Continuing north, the South Oxford Canal now enters Banbury, a market town with mediaeval origins, including the famous Banbury Cross, and lots of nice old pubs. If you are on a canal boat holiday, Banbury is a good place for picking up essential supplies but if you’re looking for a good mooring spot then continue cruising northwards until you come to the village of Cropredy. This is another very pretty English village that features a 600 year old church, thatched cottages, welcoming pubs and lots of mooring places on the canal.

Travelling north from Cropredy you start to climb the five Claydon locks towards the Fenny Compton “Tunnel” that is no longer a tunnel and on to Fenny Marina, another good place to pick up supplies before you head into a rural section of the canal. After Fenny Crompton, the canal follows the contours of the land and almost circles back on itself after eleven miles, until it reaches the Napton Flight of nine locks, which enable boaters to gently descend to the Warwickshire plain.

Heading north you’ll arrive at Napton on the Hill, home to our Napton narrowboat hire base in Warwickshire.

The northern section of the Oxford Canal begins below Napton locks. You’ll cruise northwards to Braunston, old canal town that’s famous for plethora of boat chandlery films, a small canal museum and a couple of good pubs. The canal continues north to the large town of Rugby. The canal skirts around the edges of Rugby before arriving back out to scenic countryside and past the villages of Brinklow and Stretton under Fosse towards Coventry. Finally the North Oxford reaches the big junction at Hawkesbury, which is the official end of the canal before it joins the Coventry Canal.

Oxford spires

Feats of Engineering on the Oxford Canal

Somerton Deep Lock 

Lock 34 on the Oxford canal is the Somerton Deep Lock and is an impressive 12 foot deep. As a single width lock it feels deep and narrow when descending. It’s not the deepest lock in the UK canal system, with Tuel Lane Lock on the Rochelle Canal at 19 foot and 8 inches foot deep, closely followed by the Bath Deep Lock on the Kennet and Avon Canal at 19 foot and 5 inches deep.

Swing bridges and wooden lifts 

Because of a shortage of funds when building, the stretch of the canal from Banbury to Oxford was built as cheaply as possible. Many economy measures were used such as wooden lift or swing bridges were built instead of expensive brick ones. Plus, deep locks were used wherever possible, with single gates at both ends instead of double gates.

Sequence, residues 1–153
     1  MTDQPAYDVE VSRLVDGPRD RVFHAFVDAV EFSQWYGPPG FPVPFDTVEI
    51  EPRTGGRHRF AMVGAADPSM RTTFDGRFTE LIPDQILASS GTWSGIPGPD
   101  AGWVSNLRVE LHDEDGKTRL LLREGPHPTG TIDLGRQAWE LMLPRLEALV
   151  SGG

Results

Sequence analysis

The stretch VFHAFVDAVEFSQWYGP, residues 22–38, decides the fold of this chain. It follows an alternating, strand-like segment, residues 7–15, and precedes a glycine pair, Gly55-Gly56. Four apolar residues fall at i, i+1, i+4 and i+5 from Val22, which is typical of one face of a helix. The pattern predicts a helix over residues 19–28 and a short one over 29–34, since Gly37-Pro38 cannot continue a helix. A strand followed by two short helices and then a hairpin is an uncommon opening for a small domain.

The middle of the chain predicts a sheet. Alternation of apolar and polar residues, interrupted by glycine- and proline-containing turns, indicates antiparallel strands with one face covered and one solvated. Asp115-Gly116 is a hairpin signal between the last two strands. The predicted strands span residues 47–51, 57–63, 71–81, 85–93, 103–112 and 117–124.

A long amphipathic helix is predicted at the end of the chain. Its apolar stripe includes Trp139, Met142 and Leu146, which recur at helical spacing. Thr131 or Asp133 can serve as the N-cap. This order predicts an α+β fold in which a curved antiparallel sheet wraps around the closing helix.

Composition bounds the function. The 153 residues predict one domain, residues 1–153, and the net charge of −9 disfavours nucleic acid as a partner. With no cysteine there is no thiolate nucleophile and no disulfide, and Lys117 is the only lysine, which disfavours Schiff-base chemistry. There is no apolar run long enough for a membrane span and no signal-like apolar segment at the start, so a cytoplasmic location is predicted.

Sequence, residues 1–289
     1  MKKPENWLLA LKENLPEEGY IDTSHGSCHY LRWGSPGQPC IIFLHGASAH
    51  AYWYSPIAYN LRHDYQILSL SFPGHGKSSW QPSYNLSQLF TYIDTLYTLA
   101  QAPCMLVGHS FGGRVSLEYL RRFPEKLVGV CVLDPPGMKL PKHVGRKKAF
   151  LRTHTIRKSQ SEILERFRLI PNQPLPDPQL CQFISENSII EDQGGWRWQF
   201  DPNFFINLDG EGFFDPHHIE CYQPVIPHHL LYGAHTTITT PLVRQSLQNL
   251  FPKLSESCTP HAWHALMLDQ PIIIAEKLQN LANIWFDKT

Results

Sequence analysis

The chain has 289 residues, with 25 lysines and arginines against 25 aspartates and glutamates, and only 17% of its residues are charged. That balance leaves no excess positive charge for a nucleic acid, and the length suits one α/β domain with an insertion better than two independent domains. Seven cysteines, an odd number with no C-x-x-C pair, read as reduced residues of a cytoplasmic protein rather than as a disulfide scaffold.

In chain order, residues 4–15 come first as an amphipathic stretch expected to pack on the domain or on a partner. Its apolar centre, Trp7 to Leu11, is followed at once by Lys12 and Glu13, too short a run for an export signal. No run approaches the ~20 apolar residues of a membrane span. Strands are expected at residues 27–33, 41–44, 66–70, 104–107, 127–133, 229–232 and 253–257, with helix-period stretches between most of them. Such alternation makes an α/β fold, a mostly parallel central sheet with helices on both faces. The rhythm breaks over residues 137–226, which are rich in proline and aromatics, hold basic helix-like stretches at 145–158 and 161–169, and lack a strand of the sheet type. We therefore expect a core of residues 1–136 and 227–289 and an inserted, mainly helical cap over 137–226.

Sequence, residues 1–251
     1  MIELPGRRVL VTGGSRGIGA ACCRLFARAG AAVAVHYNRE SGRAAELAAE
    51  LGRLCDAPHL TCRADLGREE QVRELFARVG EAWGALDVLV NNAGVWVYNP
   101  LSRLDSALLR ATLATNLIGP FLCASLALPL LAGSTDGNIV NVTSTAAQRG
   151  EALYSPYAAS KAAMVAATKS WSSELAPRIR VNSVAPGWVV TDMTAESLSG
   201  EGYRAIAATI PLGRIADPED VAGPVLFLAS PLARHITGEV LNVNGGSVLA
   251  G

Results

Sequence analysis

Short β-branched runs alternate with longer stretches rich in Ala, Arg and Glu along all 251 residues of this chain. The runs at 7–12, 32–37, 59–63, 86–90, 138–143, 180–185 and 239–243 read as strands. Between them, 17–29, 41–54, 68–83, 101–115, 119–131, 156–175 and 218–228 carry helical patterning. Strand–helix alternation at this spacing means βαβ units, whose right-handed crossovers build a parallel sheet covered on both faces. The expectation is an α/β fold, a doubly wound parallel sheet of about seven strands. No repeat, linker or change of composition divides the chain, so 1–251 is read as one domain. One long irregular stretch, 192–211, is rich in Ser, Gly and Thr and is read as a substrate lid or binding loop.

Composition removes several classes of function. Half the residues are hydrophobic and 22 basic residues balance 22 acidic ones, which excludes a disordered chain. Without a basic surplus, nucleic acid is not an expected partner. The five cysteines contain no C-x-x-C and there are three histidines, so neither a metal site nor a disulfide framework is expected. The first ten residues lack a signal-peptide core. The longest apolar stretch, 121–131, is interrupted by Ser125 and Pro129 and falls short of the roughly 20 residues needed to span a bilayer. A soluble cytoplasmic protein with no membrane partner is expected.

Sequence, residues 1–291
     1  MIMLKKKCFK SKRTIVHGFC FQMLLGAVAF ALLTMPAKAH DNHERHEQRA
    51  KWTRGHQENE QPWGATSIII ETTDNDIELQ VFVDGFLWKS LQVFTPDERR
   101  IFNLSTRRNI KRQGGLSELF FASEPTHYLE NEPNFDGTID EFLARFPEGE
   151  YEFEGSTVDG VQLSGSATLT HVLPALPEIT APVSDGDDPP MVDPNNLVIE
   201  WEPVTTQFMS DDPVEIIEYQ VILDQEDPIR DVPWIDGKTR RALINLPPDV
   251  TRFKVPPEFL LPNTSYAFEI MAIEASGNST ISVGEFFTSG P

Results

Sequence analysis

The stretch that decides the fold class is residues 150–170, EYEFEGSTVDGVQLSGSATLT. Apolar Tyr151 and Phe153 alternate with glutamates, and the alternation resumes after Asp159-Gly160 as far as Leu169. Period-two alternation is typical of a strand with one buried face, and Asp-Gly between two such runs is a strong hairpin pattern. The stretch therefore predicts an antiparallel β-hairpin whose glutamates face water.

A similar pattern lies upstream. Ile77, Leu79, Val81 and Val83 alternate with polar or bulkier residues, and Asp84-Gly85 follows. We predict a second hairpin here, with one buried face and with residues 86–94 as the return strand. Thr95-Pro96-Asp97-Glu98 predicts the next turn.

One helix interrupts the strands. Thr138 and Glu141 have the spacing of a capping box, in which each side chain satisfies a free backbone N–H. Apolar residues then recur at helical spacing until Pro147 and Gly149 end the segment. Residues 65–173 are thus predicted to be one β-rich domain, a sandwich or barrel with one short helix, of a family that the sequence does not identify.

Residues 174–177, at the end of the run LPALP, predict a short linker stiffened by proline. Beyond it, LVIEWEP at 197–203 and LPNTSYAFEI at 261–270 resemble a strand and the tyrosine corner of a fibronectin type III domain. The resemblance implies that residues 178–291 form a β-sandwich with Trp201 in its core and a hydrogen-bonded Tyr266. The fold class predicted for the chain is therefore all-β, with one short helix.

Napton flight

The Napton flight is a set of nine narrow locks, near the village of Napton

canal boat in oxfordshire

Did You Know?

  • Crossing three counties

    The Oxford Canal traverses Oxfordshire, Northamptonshire and Warwickshire.

  • Fenny Compton Tunnel

    The Fenny Compton Tunnel is now a long deep cutting, which used to be a tunnel until the mid nineteenth century.

  • Almost full circle

    The route between the farms of Priors Hardwick and Fenny Compton is almost a full circle as it follows the contour of the land, taking 5+1⁄2 miles to cover what is essentially 2.2 miles as the crow flies.

  • Narrow Boat - the book

    ‘Narrow Boat’ is a book by L. T. C. Rolt which describes a four-month trip that Rolt took along the Oxford Canal in the 1940s.  The book is credited with a revival of interest in the English canals, leading directly to the creation of the Inland Waterways Association, which spearheaded the restoration and leisure use of the canals.

Black Prince Cruising Routes

You can cruise on the North and South Oxford Canals, from our canal boat hire base in Oxfordshire and canal boat hire base in Warwickshire. 

Oxford Canal junction sign

Black Prince Canal Guides

Below are links to a few of our other canal specific guides to help inspire you on your next canal holiday: